"Your father once told me that a dog sitting on a throne is still a dog, while a king in a crumbling rocking chair is still a king."
Nice choice of words, considering his official title was preceptor of the Iron Dogs. "My father?"
Hugh sighed. "Come on. I saw the sword, I walked through what remained after Erra's destruction, and I found your flowers where you and the shapeshifters fought the Fomorians a year ago. I felt the magic coming off them. Don't insult my intelligence."
It was like that, then. "Fine. What do you want?"
Hugh spread his arms. "What do you want, that's the question. You came here, to my castle."
"That insulting-intelligence remark goes both ways. You set a trap, lured me across the ocean into it, and now I'm here. If you wanted small talk, we could've done that in Atlanta."
Hugh smiled. Your teeth are too perfect, Hugh. I can totally help you with that.
I pretended to study the Golden Fleece. These were just opening feints. Soon he would get serious and go in for the kill, one way or the other. The fleece looked in too great a shape to be centuries old.
"Did you really kill a ram with gold wool?"
"Gods, no. It's synthetic," he said.
"We took a ram pelt, coated it in magic to keep it from burning, and dipped it in gold. The real trick was getting the proportion of gold and silver right. I wanted to keep the flexibility of gold, but it's so heavy the individual hairs kept breaking, and too much silver made it stiff. In the end we went with a gold-copper alloy."
"Why go through all this trouble?"
"Because kingdoms are built on legends," Hugh said. "When the hunters are old and gray, they will still talk about how they went to Colchis and hunted for the Golden Fleece."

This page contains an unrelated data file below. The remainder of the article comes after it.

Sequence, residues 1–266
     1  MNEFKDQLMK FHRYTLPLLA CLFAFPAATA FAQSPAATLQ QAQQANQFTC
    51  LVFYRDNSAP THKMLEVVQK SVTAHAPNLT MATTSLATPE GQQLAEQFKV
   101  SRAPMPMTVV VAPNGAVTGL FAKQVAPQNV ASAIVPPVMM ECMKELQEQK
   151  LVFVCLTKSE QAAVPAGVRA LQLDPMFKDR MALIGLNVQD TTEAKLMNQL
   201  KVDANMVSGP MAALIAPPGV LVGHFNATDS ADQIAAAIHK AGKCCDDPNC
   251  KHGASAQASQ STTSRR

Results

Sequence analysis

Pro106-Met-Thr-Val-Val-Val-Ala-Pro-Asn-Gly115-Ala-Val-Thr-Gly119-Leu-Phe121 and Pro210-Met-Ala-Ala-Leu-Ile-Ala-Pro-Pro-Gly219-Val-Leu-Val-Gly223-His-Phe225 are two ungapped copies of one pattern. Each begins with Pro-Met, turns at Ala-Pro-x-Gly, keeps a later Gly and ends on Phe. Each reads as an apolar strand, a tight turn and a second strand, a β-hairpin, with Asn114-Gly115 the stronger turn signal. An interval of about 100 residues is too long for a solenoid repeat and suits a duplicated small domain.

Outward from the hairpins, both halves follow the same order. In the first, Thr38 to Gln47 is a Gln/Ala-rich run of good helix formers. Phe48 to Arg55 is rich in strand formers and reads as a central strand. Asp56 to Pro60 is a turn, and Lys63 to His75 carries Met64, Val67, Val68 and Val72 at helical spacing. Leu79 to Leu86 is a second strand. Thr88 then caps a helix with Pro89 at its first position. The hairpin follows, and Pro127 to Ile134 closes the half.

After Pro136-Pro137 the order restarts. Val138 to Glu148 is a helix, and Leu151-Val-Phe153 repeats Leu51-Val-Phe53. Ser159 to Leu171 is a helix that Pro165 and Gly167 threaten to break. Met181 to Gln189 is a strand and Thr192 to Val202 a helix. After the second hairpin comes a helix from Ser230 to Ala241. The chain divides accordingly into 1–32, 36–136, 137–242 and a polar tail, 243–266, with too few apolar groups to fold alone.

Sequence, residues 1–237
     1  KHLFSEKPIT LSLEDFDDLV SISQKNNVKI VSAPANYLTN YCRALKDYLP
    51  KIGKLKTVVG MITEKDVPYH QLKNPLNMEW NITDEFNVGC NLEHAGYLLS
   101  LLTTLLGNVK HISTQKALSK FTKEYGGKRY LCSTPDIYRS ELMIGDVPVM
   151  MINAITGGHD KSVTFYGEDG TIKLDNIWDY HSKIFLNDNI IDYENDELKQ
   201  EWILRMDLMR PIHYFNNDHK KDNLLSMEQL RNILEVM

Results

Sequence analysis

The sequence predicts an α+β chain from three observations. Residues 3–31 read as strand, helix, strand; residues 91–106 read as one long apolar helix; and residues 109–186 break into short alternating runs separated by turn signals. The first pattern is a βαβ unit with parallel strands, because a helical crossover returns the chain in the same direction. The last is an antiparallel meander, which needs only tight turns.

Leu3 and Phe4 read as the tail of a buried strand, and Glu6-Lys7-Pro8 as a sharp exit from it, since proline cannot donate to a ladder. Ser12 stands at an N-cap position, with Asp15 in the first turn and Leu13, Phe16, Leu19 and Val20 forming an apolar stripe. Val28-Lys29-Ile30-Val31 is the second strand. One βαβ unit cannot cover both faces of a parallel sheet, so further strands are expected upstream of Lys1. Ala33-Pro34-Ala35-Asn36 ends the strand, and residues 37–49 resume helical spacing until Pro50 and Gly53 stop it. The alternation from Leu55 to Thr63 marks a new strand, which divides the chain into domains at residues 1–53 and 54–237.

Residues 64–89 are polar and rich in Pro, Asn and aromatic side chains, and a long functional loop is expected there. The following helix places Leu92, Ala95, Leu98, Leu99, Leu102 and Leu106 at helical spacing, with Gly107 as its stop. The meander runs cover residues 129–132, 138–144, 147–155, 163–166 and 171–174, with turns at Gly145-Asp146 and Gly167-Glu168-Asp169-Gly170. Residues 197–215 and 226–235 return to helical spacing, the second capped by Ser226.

"So you want your own kingdom?" Aiming high.
He shrugged his massive shoulders. "Perhaps."
"Is my father aware of your plans? History says he doesn't like to share."
"I have no taste for the purple cloak," Hugh said. "Only for the laurel wreath."
The Roman emperors had assumed the purple cloak as the sign of their office, while victorious Roman generals would ride through Rome in triumph with laurel wreaths held over their heads. Hugh didn't want to be the emperor. He wanted to be the emperor's general.
"What are your plans, Kate? What is it you want?"
"To be left alone." For now.
"You and I both know that won't happen."
I touched the Golden Fleece. The tiny metal hairs felt soft under my fingers.
"I killed Voron," Hugh said quietly.
Cold washed over me. My mind served up a memory: the man I called my father in a bed, his stomach ripped open. A phantom odor, putrid, thick, and bitter, filled my nostrils. It had haunted me through the years in my sleep.
The man sitting on the throne was no longer relaxed. The arrogance and the good-natured mirth had vanished. A somber remorse remained, mixed with a resignation born from old grief.
"Do you want a medal?"
"I didn't plan to do it," Hugh said. "I expected it would eventually come to that since Roland wanted him dead, but that day I didn't come to fight. I wanted to talk. I wanted to know why he'd left me. He was like a father to me. I went on an errand for a few months, and when I returned, he was gone and Roland told me to kill him. I never understood why."
I knew why. "Took you a while to track him down."